centage of his anticipated income
for a 30-or 40-year period after
graduation.
The panel suggested a repay-
ment schedule of 1 per cent of
gross income over 30 years for
each $3,000 borrowed.
The recommendation was sub-
mitted to government education
officials for study by the Panel
on Educational Innovation, a
group of prominent American
educators conducting research un-
der the auspices of President
Johnson's Science Advisory Com-
mittee.
The proposaldoes not carry
White House endorsement and
appears certain to stir new con-
troversy on the subject of how to
pay for a higher education.
The recommendation drew im-
mediate criticism from the Na-
tionalAssociation of State Uni-
versities and Land Grant Col-
leges and from some independent
education experts who charged it
would create inflationary college
pricing and life-long indebtedness
for borrowers.
On the other hand, the pro-
posal is expected to find favorrin
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It would be able to lend student
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A $15,000 loan was suggested

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"We're submitting this recom-
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whatever colleges or universities
they choose."
The panel proposed the money
for the funding should be bor-
rowed at going government rates.

USE OF THIS COLUMN FOR AN-
NOUNCEMENTS is available to officially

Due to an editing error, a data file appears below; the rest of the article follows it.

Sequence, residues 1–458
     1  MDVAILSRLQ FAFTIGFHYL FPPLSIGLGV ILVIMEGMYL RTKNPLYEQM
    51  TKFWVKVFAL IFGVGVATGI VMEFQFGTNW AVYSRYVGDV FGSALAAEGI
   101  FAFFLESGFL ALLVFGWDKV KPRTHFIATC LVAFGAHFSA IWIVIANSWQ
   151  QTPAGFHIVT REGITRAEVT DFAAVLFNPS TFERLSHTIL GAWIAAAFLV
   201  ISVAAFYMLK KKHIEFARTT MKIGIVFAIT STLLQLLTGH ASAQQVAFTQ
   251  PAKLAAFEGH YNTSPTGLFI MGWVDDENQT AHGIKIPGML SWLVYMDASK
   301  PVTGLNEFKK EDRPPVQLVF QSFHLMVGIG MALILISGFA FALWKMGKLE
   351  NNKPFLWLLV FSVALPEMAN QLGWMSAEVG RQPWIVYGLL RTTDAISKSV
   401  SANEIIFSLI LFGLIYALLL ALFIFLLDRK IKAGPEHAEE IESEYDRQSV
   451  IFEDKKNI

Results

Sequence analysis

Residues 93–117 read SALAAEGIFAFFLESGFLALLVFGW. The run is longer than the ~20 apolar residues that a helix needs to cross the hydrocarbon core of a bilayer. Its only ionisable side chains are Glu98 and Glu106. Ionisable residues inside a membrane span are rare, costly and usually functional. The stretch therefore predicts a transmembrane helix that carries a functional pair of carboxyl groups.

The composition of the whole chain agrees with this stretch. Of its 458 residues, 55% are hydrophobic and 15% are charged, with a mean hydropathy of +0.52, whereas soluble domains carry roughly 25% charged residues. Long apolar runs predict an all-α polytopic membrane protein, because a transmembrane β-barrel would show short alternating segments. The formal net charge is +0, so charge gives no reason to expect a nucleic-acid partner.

recognized and registered student orga-
nizations only. Forms' are available in
Rm. 1011 SAB.,,
AFS Club meeting for old and new
members on Sept. 10 from 7 to 8 p.m.,
in Room 3A Union.
Baha'i Student Group plans informal
discussion Fri., Sept, 8, at 8 p.m. at
520 Ashley. Call 662-3548 if you need
transportation. All interested welcome.
* * *
U. of M. Chess Club is having an or-
I ganizational meeting on Sept. 8, at

7:30 p.m. in the Union, 3rd floor, Room
3C.
* * *
La Sociedad Hispanica plans Una Ter-
tulia, with coffee, conversation, His-
panic music, on Mon., Sept. 11, 3-5
p.m., 3050 Frieze Bldg. Anyone interest-
ed in practicing their Spanish invited,
* * *
Guild House is holding a luncheon on'
Fri., Sept. 8, from 12-1 p.m., 802 Mon-
roe. The speaker will be George White,
"Poverty and Art: Understanding Polar-
itles."
Michigan Christian Fellowship has
lecture on Sept. 8 at 7:30 p.m. in the
UGLI Multipurpose Room. Speaker will
be Ted Ward on "Man: Super-Animal."

I

The strikers did not try to use
force to keep trucks from pass-
ing. One truck was allowed to pass
when the driver claimed that his,